Next week major leaders from African countries will travel to Washington as major leaders from the United States prepare to travel to Africa. In both directions, the visits are sure to occasion commentary.
In Washington, President Barack Obama will receive Nigerian President Goodluck Jonathan on Wednesday and Gabonese President Ali Bongo on Thursday. Obama and Jonathan met around this time last year, after Jonathan was sworn in for the first time. I may be mistaken, but I believe Jonathan’s first visit following each of his inaugurations has been to the United States.
Commentary on the visit in Nigeria and in the Africa-focused press may be more curious than critical. The meeting with Ali Bongo may evoke more criticism. Despite a relative lack of international media attention, Gabon was the site of one of sub-Saharan Africa’s largest protest movements earlier this year, and Bongo’s security forces carried out a serious crackdown on the protesters. I doubt that many in the US will be paying attention to these visits, but we may see some criticism of Bongo’s visit this week on Twitter and blogs.
While Jonathan and Bongo are in Washington, Secretary of State Hillary Clinton will be getting ready for her upcoming trip to Zambia, Tanzania and Ethiopia. Here’s a peek at the itinerary:
Clinton, following a trip to the United Arab Emirates, will visit Zambia’s capital Lusaka on June 10 for the African Growth and Opportunity Act (AGOA) Ministerial Forum, Clinton’s deputy spokesman Mark Toner said.
[…]In Zambia, Clinton will also meet Zambian President Rupiah Banda, who is seeking re-election this year, and “participate in events to highlight US government initiatives to improve the lives of the Zambian people,” Toner said.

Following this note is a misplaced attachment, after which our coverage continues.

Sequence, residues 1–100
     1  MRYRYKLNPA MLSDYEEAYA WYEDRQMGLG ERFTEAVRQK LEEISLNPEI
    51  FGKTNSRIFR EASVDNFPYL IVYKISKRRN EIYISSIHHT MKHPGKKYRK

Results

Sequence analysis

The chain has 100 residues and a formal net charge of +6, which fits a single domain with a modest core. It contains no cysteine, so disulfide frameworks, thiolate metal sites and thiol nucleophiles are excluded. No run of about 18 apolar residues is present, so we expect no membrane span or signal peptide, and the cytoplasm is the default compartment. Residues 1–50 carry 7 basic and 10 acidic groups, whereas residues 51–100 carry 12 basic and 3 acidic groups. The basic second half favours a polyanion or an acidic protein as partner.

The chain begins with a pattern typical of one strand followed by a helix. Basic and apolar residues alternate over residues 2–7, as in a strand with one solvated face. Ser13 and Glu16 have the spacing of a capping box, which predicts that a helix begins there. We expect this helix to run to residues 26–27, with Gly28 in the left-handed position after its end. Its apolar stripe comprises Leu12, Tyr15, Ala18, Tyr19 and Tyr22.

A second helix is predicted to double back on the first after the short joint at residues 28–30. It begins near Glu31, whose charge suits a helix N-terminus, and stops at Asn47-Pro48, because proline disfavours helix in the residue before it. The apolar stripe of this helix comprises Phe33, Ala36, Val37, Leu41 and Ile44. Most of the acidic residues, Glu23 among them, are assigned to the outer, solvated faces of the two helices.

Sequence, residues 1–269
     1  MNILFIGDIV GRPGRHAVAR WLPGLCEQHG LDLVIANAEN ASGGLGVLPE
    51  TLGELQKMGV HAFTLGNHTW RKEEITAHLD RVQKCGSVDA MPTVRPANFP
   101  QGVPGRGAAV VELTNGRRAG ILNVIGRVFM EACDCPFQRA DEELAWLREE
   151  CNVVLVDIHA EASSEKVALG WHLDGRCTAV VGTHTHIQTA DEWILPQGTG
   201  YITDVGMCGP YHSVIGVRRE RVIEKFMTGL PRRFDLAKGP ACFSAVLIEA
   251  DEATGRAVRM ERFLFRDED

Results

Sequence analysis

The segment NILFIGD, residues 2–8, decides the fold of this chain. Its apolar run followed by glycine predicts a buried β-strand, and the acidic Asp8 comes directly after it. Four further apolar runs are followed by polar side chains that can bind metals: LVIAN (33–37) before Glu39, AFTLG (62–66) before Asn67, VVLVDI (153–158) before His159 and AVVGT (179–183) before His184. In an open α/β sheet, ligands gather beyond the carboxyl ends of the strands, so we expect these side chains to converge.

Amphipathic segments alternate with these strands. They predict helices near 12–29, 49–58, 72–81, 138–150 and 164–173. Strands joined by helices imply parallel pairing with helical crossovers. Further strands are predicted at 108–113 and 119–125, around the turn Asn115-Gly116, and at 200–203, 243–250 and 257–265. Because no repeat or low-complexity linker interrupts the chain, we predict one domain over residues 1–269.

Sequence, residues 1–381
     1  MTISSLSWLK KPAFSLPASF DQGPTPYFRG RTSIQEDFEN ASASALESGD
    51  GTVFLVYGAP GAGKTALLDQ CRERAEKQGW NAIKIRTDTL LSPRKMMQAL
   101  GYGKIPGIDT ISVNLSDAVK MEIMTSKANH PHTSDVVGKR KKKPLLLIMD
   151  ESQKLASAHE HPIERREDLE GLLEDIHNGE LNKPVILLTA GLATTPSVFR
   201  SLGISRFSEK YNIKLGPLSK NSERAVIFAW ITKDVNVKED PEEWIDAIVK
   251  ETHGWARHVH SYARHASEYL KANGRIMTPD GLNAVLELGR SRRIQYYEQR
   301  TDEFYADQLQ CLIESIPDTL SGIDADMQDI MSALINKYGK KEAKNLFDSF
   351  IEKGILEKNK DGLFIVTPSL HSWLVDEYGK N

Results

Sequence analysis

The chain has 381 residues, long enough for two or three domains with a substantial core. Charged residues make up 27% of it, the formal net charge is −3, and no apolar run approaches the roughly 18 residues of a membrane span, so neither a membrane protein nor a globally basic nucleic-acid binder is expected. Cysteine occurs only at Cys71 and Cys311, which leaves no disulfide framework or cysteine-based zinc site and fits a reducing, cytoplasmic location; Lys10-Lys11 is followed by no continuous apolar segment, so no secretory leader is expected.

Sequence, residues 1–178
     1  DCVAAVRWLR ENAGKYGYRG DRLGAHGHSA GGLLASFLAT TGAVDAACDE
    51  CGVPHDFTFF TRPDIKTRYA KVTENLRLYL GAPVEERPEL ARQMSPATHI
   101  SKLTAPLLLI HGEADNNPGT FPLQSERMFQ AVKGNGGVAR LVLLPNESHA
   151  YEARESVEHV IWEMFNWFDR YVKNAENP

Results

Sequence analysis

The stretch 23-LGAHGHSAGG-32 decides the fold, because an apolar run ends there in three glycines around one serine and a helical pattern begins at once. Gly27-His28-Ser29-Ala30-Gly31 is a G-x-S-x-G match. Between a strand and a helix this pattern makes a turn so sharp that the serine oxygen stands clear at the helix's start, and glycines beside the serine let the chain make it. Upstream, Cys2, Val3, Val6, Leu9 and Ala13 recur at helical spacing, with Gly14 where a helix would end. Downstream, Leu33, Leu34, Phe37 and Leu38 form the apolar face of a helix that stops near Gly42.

Afterward, he said, Clinton will travel to Dar es Salaam, Tanzania and Addis Ababa, Ethiopia, but gave no precise dates.
The chief US diplomat will meet with Tanzanian President Jakaya Kikwete and Ethiopian Prime Minister Meles Zenawi.
“In Tanzania, she will highlight our successful bilateral engagement, including a host of programs, including Feed the Future,” Toner said.
In Ethiopia, Clinton will “focus on regional issues,” visiting the African Union headquarters and meeting with AU Chairman Jean Ping in addition to holding bilateral meetings with Ethiopian officials.
Later this month, First Lady Michelle Obama will also travel (without the President, but with her mother and daughters) to South Africa and Botswana. This will be an official visit focused on health issues. Read the White House statement here.
Neither Hillary Clinton nor Michelle Obama currently holds elected office, but both are political figures, and they are two of the most popular (at times, I believe, the two most popular, as measured by approval ratings) national political figures in the US. I imagine that popularity will hold in Africa to an extent as well, and that both will get enthusiastic receptions on their trips – though Clinton’s meetings with African leaders will not necessarily be entirely smooth. I will cover Clinton’s trip here, as I did when she visited the continent in 2009; Obama’s is well outside of my usual geographic coverage, so I may only offer a few links as relevant.
Economist’s Baobab mentions “disappointed voters and hired thugs” as the ones who rioted in Nigeria’s north. Is there evidence that some of the rioters were paid to cause trouble?
Hard evidence? Not that I’ve seen. But it’s definitely possible.